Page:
So here’s some books you might pick up for me, if the bookstore employees don’t believe your “find me something more dull than that” request:

J: The Letter That Shifted Pronunciation, Altered Etymologies, Made Electrical Engineers Cringe, and Changed The World. Of course, I have a partisan interest in the letter ‘J’. But who isn’t fascinated by the way a letter can take on vowel and consonant duties and then gradually split between them? Or how it is we get to pick letters? And whether we are going to finally see the alphabet accept double-i and double-j as letters too? Why should u get to be the mother of letters? Perfect for people who want to be angry about things that not in fact unjust. 296 pages.

Hey-Dey: the Forgotten Amusement Park Ride that Saved Amusement Parks, Earned Fortunes, and Changed The World. Who doesn’t love the Hey-Dey? Everybody because who’s heard of the thing? But there we are, some old pictures of what sure looks like a ride what with how it has a platform and advertisements and stuff. How popular was it? What did you actually do on the ride? It seems like spinning was involved. Maybe a lot of spinning. Why doesn’t anybody know about it anymore? And does it have anything to do with the Lindy Loop? Includes a sweeping view of history including the discovery, in 1896, that people would pay reasonable sums of money to do things that are fun. 384 pages including 20 glossy pages reprinting black-and-white pictures of things we can’t make out anymore. Also 40 pages of the author cursing out Google for assuming that they wanted every possible six-letter, two-syllable string other than “Hey-Dey”.

Reproduction of a vintage amusement-park-ride catalogue proclaiming 'The Smack of the WHIP, the Speed of the ROLLER COASTER, the Terrific Skid of an Automobile on a Greasy Road --- All Are Experienced in a Ride on the HEY-DEY', and showing two pictures of the installed ride where it's not clear what the ride actually does. But 'Records show that the HEY-DEY Repeats 10 to 25 per cent of its Riders --- a most unusual record'.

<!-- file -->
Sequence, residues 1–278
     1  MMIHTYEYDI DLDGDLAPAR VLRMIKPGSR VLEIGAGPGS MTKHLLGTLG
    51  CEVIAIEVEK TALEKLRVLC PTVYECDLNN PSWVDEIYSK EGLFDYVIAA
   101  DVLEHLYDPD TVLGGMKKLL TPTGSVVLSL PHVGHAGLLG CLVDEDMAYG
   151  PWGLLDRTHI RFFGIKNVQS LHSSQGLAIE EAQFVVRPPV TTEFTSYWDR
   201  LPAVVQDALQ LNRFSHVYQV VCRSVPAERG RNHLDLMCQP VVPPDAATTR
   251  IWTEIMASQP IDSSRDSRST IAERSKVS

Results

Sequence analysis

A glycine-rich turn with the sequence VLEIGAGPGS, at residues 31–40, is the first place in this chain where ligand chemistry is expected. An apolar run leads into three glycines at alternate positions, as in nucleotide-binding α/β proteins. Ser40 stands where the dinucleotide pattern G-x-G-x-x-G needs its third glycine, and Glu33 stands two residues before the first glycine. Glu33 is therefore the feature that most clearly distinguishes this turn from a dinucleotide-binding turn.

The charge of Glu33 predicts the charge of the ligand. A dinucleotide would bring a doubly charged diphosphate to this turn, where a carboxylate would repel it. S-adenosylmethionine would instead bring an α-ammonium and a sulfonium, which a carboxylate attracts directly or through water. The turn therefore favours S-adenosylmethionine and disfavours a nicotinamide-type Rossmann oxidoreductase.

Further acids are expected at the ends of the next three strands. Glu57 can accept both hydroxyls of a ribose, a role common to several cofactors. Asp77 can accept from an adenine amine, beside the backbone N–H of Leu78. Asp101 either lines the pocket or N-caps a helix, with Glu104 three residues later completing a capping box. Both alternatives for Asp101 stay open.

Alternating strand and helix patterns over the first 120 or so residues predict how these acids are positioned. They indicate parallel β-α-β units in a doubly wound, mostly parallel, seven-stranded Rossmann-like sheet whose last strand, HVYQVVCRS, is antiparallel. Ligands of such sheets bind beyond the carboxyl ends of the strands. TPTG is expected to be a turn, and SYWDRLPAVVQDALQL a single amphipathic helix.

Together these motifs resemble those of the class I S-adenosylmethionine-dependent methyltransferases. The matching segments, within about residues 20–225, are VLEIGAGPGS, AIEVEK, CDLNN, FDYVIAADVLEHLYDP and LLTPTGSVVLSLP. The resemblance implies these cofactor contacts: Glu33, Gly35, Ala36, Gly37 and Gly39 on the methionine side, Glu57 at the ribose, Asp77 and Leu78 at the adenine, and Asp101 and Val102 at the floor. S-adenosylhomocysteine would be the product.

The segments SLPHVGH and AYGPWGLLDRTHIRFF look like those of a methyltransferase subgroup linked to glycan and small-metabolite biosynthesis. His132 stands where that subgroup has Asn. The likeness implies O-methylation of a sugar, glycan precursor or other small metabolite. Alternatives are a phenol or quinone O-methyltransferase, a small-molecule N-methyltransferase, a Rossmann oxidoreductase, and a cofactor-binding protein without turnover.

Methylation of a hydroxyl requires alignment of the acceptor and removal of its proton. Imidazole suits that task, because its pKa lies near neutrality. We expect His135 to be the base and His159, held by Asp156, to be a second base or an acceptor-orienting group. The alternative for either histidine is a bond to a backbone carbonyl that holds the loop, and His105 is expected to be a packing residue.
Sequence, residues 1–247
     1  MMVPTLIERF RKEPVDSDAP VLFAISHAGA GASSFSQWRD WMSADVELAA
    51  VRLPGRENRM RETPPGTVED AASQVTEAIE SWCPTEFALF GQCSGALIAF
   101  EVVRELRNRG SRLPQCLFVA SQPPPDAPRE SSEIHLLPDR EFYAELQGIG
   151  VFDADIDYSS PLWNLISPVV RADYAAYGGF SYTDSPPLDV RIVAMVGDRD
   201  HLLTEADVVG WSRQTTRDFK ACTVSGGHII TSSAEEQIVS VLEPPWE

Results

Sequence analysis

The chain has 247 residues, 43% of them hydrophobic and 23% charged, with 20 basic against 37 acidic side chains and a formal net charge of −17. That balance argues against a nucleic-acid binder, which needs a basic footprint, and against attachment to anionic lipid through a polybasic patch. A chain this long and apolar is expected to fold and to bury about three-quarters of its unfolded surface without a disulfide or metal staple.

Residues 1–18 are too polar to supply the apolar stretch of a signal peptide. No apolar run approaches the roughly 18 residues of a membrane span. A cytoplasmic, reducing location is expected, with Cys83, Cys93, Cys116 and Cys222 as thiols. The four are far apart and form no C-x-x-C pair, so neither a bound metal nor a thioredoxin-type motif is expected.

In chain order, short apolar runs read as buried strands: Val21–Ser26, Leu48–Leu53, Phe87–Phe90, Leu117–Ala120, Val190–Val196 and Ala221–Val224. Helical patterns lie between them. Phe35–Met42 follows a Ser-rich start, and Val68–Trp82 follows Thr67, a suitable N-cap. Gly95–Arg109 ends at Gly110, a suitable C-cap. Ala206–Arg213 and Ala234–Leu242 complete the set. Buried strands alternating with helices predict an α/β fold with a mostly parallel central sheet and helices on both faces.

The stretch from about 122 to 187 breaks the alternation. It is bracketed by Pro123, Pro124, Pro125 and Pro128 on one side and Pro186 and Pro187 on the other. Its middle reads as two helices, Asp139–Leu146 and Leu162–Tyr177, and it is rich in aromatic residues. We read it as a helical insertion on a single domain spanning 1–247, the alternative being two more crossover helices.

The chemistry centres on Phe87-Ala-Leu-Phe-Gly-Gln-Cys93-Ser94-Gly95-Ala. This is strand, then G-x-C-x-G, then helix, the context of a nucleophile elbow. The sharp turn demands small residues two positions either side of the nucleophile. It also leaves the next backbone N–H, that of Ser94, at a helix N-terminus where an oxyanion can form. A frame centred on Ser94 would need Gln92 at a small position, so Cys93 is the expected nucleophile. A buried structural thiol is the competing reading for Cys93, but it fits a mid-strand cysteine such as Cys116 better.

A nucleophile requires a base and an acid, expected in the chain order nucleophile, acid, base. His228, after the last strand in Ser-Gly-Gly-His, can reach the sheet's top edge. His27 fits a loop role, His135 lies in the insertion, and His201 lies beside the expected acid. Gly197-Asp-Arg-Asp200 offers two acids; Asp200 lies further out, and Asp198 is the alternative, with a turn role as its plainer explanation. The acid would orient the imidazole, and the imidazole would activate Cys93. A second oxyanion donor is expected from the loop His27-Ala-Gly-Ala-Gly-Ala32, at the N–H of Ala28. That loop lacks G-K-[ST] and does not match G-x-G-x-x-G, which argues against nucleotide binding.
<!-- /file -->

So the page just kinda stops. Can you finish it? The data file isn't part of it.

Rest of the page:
I for one have always enjoyed the experience of automobiles skidding out on greasy roads so I’m sure I’d be in the 10 to 25 percent of people who repeat the ride. (My own photograph from the Herschell Carrousel Factory Museum in North Tonawanda, New York. The Hey-Dey was actually made by Spillman but you would not BELIEVE how tied together Herschell and Spillman were.)

Humpty Dumpty: the Nonsense Rhyme that Delighted Children, Befuddled Scholars, Made Us All Wonder Why We Think He’s An Egg, and Changed The World. There’s a kind of person who really, really wants Humpty Dumpty to have some deep meaning. Like, saying it’s some deep political satire or is some moral fable about buying on credit or maybe it’s just making fun of the Dutch? No idea, but that’s no reason to stop trying. 612 pages. Spoiler: we think Humpty Dumpy is an egg because both his parents were eggs, and they say their only adoption was his littlest brother, Rumpty Dumpty. Rumpty Dumpty is, as anyone can see, a shoe.

Busy Signal: the Story Behind the Tones, Chimes, Rings, Buzzes, and Beeps that Tell us the State of Things — and Changed The World. An examination of how humans use language and turn a complicated message like “that phone number is busy” into a simple buzz instead. That seems a bit thin to the author too. So then we get into other audio cues like how sometimes construction equipment makes that backing-up beeping noise even when it’s not moving. 192 pages.

So, I mean it. If you want to buy me something, look for any nonfiction book explaining a thing. If it seems like a boring thing, great! 568 pages about the evolution of the NTSC television-broadcast standard? Gold! You are not going to out-bore me in a book contest like that. Look, I know things about the Vertical Blanking Interval that I have no business knowing. And that is everything I know about the Vertical Blanking Interval. And yet I want to know more. Find a topic dull enough that it’s putting neighboring books to sleep, and you’ve got me set. Thank you.

60s Popeye: Old Salt Tale (the New Salt Tale’s bogged down in construction)


It’s back to Jack Kinney studios for this week’s King Features Popeye cartoon. The story is by Ed Nofziger, who’s done a bunch of fairy tale adaptations before. Animation direction is credited to Hugh Fraser. Here’s 1960’s Old Salt Tale.